"Father," said he, "right or wrong, I take the blame upon my own head; but go you must because it is according to my will."

Then the father grieved so bitterly that for a little his very heart would have broken. Weak as he was, he raised himself to his feet and went forth from the house, weeping.

"Son," said he, "I commend thee to God; but since thou wilt that I go, for the love of Him give me at least a portion of packing cloth to shelter me against the wind. I am asking no great matter; nothing but a little cloth to wrap about me, because I am but lightly clad, and fear to die for reason of the cold."

Then he who shrank from any grace of charity made reply "Father, I have no cloth, so neither can I bestow, nor have it taken from me."

"Fair, sweet son, my heart trembles within me, so greatly do I dread the cold. Give me, then, the cloth you spread upon your horse, so that I come to no evil."

So he, seeing that he might not rid himself of his father save by the granting of a gift, and being desirous above all that he should part, bade his son to fetch this horsecloth. When the lad heard his father's call he sprang to him, saying—

"Father, what is your pleasure?"

"Fair son," said he, "get you to the stable, and if you find it open give my father the covering that is upon my horse. Give him the best cloth in the stable, so that he may make himself a mantle or a habit, or any other sort of cloak that pleases him."

Then the lad, who was thoughtful beyond his years, made answer—

"Grandsire, come now with me."

So the merchant went with him to the stable, exceedingly heavy and wrathful. The lad chose the best horsecloth he might find in the stable, the newest, the largest, and the most fair; this he folded in two, and drawing forth his knife, divided the cloth in two portions. Then he bestowed on his grandfather one half of the sundered horsecloth.

"Fair child," said the old man, "what have you done? Why have you cut the cloth that your father has given me? Very cruelly have you treated me, for you were bidden to give me the horsecloth whole. I shall return and complain to my son thereof."

"Go where you will," replied the boy, "for certainly you shall have nothing more from me."

The merchant went forth from the stable.

"Son," said he, "chastise now thy child, since he counts thy word as nothing but an idle tale, and fears not to disobey thy commandment.

Dost thou not see that he keeps one half of the horsecloth?"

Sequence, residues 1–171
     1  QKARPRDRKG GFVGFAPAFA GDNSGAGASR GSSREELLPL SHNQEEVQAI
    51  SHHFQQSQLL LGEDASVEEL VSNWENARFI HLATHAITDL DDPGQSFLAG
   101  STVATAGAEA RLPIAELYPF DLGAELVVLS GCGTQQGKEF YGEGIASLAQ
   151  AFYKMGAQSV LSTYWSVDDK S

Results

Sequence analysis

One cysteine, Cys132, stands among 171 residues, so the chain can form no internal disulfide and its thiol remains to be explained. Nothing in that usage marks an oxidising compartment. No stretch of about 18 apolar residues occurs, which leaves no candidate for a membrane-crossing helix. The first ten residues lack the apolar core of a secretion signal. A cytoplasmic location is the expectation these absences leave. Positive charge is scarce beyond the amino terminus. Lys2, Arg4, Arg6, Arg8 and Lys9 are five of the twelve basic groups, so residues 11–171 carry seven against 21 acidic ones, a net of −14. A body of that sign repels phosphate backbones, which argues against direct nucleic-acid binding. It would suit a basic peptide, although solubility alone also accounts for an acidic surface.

"Plague take thee!" cried the father; "give him all the cloth."

"Certes," replied the boy, "that will I never do, for how then shall you be paid? Rather will I keep the half until I am grown a man, and then give it to you. For just as you have chased him from your house, so I will put you from my door. Even as he has bestowed on you all his wealth, so, in my turn, will I require you all your substance. Naught from me shall you carry away, save that only which you have granted to him. If you leave him to die in his misery, I wait my day, and surely will leave you to perish in yours."

The father listened to these words, and at the end sighed heavily. He repented him of the evil that he purposed, and from the parable that his child had spoken took heed and warning. Turning himself about towards the merchant, he said—

"Father, return to my house. Sin and the Enemy thought to have caught me in the snare, but, please God, I have escaped from the fowler.

You are master and lord, and I render all that I have received into your hands. If my wife cannot live with you in quiet, then you shall be served and cherished elsewhere. Chimney corner, and carpet, pillow and bed of feathers, at your ease you shall have pleasure in them all. I take St.

Martin to witness that never will I drink stoup of wine, never carve morsel from dish, but that yours shall be the richer portion. Henceforth you shall live softly in the ceiled chamber, near by a blazing fire, clad warmly in your furred robe, even as I. And all this is not of charity, but of your right, for, fair sweet father, if I am rich it is because of your substance."

Thus the brave witness and the open remonstrance of a child freed his father from the bad thoughts that he harboured. And deeply should this adventure be considered of those who are about to marry their children. Let them not strip themselves so bare as to have nothing left.

For he who gives all, and depends upon the charity of others, prepares a rod for his own back.

 
 
 

Back to the Index Page